vibration measurements car

Automotive - Development, Vibration Analysis & Testing

The duration of product development processes from concept to series production is getting shorter and shorter. This is particularly the case in the automotive industry, where the switch to electromobility is accelerating change. New components and the use of lightweight construction require extensive vibration analysis.

Even though the mechanical properties of components and entire component groups are increasingly and more precisely examined by numerical simulations, experimental measurements of physical objects are still required to validate these calculations. Non-contact measurement techniques such as laser vibrometry have the advantage that they do not influence the vibrations of the components and deliver excellent results in a very short time with little effort.

The superior signal quality of the Optomet infrared technology produces the best possible measurement results even on poorly reflective surfaces. This makes the devices suitable for measuring any component, regardless of its material or optical reflectivity. The Optomet’s ease of use and powerful measurement capability reduces development time.

Whatever your non-contact vibration application, be it in the wind tunnel, on the rotation test rig, in the acoustics laboratory, for experimental modal testingor for the development of components such as sensors or drives, the Optomet team will be happy to assist you in selecting the suitable vibrometry solution and implementing it.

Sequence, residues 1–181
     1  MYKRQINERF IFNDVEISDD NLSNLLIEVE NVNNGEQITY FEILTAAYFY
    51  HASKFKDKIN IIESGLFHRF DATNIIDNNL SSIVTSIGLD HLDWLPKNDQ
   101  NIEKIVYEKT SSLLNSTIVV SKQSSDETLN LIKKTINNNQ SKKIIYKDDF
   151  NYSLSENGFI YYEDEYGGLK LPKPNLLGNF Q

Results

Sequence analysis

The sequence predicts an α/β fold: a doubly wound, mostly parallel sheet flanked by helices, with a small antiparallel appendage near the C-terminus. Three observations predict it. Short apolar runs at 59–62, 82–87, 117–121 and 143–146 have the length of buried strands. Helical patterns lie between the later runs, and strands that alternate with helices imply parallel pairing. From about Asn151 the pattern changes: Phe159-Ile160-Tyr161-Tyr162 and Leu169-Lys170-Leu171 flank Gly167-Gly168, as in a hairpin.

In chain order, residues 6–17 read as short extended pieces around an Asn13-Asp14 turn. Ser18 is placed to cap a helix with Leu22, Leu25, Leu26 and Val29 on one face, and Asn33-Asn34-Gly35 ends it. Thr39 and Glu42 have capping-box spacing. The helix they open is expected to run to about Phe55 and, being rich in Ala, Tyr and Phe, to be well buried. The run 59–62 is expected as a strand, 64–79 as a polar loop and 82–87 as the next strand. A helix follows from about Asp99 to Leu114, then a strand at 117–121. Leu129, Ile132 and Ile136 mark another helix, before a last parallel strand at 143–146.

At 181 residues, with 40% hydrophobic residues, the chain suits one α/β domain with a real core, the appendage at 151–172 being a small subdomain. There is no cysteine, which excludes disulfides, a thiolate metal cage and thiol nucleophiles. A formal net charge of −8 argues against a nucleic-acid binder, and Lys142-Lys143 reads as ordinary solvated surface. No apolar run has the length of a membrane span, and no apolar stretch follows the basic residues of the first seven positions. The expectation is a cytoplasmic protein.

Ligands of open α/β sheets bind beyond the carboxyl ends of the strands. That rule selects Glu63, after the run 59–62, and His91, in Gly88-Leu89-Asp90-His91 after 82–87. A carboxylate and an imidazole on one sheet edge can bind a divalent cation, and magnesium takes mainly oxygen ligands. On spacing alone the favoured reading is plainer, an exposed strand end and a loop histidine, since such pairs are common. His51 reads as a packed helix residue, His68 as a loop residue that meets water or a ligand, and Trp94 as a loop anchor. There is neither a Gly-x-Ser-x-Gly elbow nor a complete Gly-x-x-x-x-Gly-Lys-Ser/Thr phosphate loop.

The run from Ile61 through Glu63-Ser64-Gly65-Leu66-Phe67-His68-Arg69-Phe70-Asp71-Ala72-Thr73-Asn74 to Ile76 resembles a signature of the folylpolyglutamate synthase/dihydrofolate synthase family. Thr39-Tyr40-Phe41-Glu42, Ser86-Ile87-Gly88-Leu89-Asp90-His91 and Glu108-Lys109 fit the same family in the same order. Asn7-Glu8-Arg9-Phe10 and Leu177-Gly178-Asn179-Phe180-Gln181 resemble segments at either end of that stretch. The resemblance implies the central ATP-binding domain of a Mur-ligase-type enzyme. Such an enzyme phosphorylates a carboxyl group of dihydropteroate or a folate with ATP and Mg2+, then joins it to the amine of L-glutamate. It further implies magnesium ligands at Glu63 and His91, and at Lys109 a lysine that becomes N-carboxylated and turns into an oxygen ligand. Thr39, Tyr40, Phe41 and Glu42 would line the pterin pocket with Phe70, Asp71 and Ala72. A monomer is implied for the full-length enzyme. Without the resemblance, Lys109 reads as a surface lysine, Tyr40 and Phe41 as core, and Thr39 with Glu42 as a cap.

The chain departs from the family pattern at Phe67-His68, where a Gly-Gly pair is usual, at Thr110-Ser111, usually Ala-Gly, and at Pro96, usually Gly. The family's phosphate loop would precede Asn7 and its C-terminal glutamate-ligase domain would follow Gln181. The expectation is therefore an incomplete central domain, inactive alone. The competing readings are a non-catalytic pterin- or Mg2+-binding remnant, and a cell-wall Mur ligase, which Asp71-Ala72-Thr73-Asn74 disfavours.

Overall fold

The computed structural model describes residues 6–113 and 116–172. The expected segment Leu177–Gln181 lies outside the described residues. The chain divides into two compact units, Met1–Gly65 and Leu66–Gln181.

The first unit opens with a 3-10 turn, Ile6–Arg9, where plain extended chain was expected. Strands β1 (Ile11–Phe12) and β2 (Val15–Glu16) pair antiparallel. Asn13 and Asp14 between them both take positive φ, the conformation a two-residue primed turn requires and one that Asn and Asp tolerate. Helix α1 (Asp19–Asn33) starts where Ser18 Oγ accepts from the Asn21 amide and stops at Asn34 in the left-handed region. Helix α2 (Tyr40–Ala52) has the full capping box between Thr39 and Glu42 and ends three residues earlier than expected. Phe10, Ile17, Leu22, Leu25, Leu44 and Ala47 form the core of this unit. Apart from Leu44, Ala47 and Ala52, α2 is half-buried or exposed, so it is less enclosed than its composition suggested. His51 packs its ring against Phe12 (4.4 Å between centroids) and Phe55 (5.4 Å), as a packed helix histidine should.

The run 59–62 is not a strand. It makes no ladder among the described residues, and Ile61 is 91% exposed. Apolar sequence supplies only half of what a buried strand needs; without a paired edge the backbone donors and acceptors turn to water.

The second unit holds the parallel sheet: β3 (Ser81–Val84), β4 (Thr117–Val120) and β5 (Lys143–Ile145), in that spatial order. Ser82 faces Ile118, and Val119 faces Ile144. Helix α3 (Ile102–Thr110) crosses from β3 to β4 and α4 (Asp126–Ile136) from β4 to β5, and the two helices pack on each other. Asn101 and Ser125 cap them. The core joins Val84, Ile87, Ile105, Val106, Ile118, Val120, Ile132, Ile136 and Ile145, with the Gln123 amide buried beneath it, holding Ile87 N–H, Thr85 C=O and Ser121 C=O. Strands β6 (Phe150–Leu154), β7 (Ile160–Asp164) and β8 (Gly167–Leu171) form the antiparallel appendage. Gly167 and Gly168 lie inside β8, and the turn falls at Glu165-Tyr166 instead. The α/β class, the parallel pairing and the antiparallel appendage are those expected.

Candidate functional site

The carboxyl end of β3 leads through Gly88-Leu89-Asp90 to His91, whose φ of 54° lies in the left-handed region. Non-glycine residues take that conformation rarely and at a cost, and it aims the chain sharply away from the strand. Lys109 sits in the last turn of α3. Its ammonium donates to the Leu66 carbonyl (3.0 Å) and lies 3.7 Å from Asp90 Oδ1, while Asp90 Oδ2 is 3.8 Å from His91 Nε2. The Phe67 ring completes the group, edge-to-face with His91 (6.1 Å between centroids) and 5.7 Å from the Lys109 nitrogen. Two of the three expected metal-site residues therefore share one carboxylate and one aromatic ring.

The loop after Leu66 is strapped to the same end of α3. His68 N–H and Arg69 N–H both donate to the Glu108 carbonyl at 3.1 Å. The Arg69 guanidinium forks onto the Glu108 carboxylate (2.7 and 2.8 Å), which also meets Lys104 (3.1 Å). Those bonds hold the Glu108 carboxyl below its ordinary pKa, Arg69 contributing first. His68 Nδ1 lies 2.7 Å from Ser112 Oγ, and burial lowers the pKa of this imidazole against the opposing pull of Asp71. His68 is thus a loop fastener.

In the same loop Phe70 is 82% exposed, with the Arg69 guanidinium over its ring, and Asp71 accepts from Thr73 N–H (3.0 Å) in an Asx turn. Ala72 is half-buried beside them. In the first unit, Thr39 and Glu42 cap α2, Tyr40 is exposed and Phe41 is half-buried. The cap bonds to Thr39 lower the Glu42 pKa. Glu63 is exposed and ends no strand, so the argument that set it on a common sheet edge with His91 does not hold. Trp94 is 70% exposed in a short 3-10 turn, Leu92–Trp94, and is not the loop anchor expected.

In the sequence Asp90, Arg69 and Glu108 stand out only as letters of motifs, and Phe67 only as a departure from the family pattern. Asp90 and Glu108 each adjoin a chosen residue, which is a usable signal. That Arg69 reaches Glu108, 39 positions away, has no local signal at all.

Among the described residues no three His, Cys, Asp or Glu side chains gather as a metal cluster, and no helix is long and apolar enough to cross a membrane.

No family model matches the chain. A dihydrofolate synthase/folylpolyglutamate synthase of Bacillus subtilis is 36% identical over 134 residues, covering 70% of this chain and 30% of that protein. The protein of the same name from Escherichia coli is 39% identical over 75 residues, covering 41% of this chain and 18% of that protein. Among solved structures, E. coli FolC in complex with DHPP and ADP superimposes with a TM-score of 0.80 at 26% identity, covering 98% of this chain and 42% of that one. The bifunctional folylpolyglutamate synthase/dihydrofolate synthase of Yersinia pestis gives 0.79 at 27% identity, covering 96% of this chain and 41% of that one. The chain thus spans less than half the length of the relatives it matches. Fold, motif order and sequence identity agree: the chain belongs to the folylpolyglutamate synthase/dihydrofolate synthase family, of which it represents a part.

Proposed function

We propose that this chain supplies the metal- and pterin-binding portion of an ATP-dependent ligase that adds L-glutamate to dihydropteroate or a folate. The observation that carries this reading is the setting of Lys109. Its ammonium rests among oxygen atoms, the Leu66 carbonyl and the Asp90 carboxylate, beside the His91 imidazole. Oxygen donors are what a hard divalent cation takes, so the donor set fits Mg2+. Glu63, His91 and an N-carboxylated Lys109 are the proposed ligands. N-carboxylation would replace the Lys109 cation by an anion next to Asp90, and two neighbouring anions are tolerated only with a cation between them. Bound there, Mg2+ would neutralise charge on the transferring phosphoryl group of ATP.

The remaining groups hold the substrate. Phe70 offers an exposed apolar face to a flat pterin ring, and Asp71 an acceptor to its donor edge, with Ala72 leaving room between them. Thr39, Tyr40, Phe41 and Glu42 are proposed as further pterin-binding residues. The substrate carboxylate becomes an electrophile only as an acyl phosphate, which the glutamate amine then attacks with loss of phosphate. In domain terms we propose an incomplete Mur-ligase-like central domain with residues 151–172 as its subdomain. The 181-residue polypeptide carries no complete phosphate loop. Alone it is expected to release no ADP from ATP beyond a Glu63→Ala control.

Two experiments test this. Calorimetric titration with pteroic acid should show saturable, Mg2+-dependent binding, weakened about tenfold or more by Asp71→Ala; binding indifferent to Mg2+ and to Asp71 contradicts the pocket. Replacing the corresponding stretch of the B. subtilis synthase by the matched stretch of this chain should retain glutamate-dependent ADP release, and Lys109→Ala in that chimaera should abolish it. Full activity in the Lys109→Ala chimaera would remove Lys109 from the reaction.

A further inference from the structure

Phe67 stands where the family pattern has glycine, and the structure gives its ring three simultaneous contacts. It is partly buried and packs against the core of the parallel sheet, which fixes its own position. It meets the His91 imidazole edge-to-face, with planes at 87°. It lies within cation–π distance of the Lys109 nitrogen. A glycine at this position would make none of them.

Aeroacoustics deals with the noise caused by aerodynamic flow. Turbulent flow as well as flow through and around structures creates vibrations on components. These vibrations, in turn, are responsible for the generation and emission of sound waves, some of which people perceive as unpleasant. Ever stricter emission regulations also increase the need for noise-reducing designs.

Noise reduction is particularly important in the aerospace and automotive industries. Examples of noise include, engine noises on aircraft or wind noises on motor vehicles and high-speed trains. As other sounds of noise are more and more reduced or eliminated, as is apparent from the replacement of internal combustion engines in motor vehicles by electric drives, flow induced noise is perceived as more present and disruptive.

The airborne sound  is measured by microphones or entire arrays of microphones. However, when it comes to identifying the possible sound sources, measurement methods with better spatial resolution, such as scanning laser Doppler vibrometry, are required.

With the Optomet laser scanning vibrometers, both small structures and entire vehicles can be examined without contact and with high accuracy. The user-friendly OptoSCAN software enables the measurement to be carried out quickly and offers a wide range of meaningful analysis  and clear two-dimensional and animated displays for this task. For example, the correlation of the forms of vibration with the frequencies recorded in airborne noise can be used to draw important conclusions about the location and the type of sound generation, and suitable design measures for noise suppression can be taken.

The infrared laser technology (SWIR) of the Optomet scanning vibrometer produces a sufficient signal level for a reliable vibration measurement even at larger measuring distances of more than 10 meters. Even dark or reflective curved measuring surfaces can be measured without a reflection-enhancing treatment. Measurements through thick glass surfaces between vibrometer and measurement object are also possible without impairments.